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Posts Tagged parashat hashavua

Shabbat: the Secret Spice

Our ancient ancestors used to mark the beginning of Shabbat by adding aromatic spices (we’re not exactly sure which) to their home oil lamp. The special aroma made sundown on Friday into the day of rest. The Rabbis encoded the concept of rest as a universal right in halakhah, the path of Jewish observance – for all people and for all life on earth. Wandering stateless in Exile, our people held on to Shabbat ever more determinedly. We created a musical welcome of Shabbat, Kabbalat Shabbat, to sing and dance our way out of the week; and no matter the poverty, our erev Shabbat meal had to be the best we could manage. “More than Israel has preserved the Shabbat, the Shabbat has preserved Israel.” – Ahad Ha’Am   That erev Shabbat meal became the focal point for the ritual that allowed us the relief of week’s end: The blessings […]

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Shabbat Shelakh-L’kha: Why So Negative?

Shalom Shir Tikvah Learning Community, The parashat hashavua for this week is Shelakh-L’kha. It chronicles a significant debacle in the lives of our ancestors, the Generation of the Wilderness: it is during the events described in this parashah that they doom themselves to remaining the wanderers they’ve become. One year and some months after the Exodus from Egypt, with our new understanding of the divine and a new system for connecting with it constructed and up and running, we traveled across the Sinai wilderness (which is not that big) and arrived at the borders of the land that according to our people’s narrative was promised by G-d to our ancestors as their descendants’ home. And then the troubles began. While the rest of us waited, excited to be nearly there, at the border of the land, Moshe sent a representative from each tribe to scout it out. They returned with […]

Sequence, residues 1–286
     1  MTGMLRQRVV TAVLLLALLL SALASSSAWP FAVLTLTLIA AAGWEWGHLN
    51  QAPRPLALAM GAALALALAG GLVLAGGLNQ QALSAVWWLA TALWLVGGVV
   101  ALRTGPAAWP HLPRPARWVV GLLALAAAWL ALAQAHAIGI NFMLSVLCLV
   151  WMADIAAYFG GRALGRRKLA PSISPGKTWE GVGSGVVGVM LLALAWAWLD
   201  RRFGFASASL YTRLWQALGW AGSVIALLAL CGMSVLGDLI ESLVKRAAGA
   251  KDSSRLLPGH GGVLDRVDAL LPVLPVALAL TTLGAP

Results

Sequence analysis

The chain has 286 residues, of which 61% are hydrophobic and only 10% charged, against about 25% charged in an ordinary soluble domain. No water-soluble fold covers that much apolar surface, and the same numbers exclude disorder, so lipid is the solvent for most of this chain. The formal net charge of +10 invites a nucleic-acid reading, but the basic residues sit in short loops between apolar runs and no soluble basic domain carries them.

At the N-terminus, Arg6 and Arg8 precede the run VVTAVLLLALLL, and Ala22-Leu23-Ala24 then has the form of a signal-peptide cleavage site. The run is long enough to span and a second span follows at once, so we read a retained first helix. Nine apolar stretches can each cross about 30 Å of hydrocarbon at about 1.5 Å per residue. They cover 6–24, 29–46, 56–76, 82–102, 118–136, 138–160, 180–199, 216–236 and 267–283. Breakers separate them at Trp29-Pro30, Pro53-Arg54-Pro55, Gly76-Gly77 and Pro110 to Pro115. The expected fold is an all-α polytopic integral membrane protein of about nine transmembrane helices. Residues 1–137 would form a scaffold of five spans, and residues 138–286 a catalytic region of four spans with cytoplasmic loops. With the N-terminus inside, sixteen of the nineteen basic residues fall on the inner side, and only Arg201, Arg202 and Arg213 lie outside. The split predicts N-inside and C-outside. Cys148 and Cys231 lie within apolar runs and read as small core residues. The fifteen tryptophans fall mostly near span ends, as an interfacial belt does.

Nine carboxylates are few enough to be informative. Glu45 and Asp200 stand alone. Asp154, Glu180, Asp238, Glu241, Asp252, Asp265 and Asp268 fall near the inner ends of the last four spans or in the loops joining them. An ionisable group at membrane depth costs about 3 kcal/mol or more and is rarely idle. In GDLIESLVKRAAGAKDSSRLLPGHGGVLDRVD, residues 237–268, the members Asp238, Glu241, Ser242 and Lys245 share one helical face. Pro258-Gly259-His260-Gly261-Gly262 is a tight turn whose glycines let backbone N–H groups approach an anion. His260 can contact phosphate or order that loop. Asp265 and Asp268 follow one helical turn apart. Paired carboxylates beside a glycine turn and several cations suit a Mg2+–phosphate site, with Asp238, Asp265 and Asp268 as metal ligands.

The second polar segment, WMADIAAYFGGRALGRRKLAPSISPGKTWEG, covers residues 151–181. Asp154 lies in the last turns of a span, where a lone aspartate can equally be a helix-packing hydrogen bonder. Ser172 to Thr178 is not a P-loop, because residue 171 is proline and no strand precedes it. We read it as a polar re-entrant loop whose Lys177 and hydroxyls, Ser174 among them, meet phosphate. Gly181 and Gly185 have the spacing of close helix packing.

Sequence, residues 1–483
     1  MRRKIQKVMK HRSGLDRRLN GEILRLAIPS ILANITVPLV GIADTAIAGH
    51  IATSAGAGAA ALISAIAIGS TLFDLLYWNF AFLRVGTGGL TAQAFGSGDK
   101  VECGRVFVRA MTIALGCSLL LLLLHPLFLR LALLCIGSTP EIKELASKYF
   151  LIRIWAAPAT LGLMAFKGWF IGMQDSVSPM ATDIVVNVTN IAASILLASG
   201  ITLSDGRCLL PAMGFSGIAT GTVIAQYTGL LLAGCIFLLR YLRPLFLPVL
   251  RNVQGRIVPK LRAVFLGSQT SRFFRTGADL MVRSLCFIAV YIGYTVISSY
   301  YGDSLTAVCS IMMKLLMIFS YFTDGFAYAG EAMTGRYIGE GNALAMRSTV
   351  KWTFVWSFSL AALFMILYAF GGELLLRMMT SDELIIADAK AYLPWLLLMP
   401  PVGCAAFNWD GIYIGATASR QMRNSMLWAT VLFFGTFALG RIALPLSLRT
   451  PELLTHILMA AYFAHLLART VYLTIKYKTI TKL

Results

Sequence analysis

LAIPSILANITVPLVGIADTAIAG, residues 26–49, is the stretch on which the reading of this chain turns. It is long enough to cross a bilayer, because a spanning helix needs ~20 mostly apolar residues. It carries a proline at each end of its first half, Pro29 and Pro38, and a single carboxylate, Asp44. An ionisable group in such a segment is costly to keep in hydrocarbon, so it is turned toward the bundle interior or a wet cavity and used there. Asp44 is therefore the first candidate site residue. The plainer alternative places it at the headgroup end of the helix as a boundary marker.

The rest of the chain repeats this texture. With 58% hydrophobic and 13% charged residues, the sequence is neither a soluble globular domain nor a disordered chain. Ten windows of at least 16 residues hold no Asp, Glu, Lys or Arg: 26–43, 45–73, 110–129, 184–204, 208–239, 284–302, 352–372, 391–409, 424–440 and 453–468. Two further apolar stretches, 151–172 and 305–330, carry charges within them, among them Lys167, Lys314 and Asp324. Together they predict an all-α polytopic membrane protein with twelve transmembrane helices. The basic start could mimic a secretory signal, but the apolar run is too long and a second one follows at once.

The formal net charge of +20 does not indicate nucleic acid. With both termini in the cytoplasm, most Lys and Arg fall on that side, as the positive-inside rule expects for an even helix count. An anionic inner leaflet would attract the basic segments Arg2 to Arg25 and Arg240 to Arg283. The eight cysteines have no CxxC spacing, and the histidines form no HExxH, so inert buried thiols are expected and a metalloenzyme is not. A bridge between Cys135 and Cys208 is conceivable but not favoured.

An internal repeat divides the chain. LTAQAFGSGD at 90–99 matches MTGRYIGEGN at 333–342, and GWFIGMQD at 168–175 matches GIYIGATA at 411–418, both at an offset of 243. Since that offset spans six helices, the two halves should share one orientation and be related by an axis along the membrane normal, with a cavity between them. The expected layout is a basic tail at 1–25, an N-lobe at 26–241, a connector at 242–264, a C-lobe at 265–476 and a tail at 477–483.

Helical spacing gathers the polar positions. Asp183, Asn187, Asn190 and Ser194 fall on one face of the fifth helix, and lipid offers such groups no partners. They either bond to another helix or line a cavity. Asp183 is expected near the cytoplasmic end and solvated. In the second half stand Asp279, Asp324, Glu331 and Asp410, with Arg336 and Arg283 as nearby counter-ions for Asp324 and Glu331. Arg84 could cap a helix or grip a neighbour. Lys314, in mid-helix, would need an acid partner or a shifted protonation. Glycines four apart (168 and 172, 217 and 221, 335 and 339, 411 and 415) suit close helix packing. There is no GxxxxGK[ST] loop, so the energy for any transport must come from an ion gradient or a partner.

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Shabbat shalom – Shabbat B’Haalot’kha: The Light That Reveals You

Shalom Shir Tikvah Learning Community, The parashat hashavua (Torah parashah for the week) begins with G-d’s command to the High Priest, Moshe’s brother Aharon: “When you raise [b’haalot’kha] light in the lamps, they shall be lit so as to illuminate the face of the menorah” (Numbers 8:2). If you remember that this was a menorah not of candles but of oil lamps, it becomes easier to understand this instruction. The menorah is standing against the wall of the Mishkan, and the oil lamp upon the top of each branch should be situated so that the wick end is toward the front of the menorah, away from the wall. This may simply be good fire-prevention advice, but of course our tradition sees the possibility of deeper meaning in these words. Consider: The Jewish creation story does not describe a conquering and destroying of darkness in order to create light; rather, light […]

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Shabbat Emor: Respect and Sefirat haOmer

Shalom Shir Tikvah Learning Community, Parashat Emor includes, coincidentally, the mitzvah (command) of Sefirat haOmer, of counting the omer (a sheaf of barley). The original idea is probably agricultural: during the ongoing barley harvest, bringing a sheaf from each day’s harvest for a formal count may have been some kind of ritual effort to keep the harvest abundant. It is true that we sometimes delight in counting out or otherwise measuring that which we are excited about, or care deeply about. Today, erev Shabbat, is the 34th day of the Omer; yesterday was the 33rd, which is a minor holy day known by a name derived from the count: Lag BaOmer literally means “33 of the omer”. (Every Hebrew letter has a numerical value, and so every Hebrew number can also be pronounced. Thus the names of the holy days Tisha b’Av, the 9th of Av, and Tu b’Shevat, the […]

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Shabbat shalom – Shabbat Akharei Mot-Kedoshim 5775: The Goal of Learning Torah

Shalom Shir Tikvah Learning Community, This week’s parashah is once again a double: Akharei Mot, “after death” and Kedoshim, “set apart”, which is what “holy” means in Jewish religious culture. Because every couple of years these two parashot occur as a double (meaning that we read at least a third of them both), it was only natural that our inquisitive and creative Sages who comment upon and interpret every aspect of Torah should comment upon this too: what do we learn from the juxtaposition of these two parshas, and their names? Are we to understand that after death we are holy? what exactly would that mean? It’s not a stretch for us to accept the idea that the memory of our beloved dead is holy to us, that is, it is set apart in our hearts in a special place, so to speak. We might even set that memory apart […]

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Shabbat Tazria/Metzora: Time Out (and rare footage taken on the eve of the Holocaust)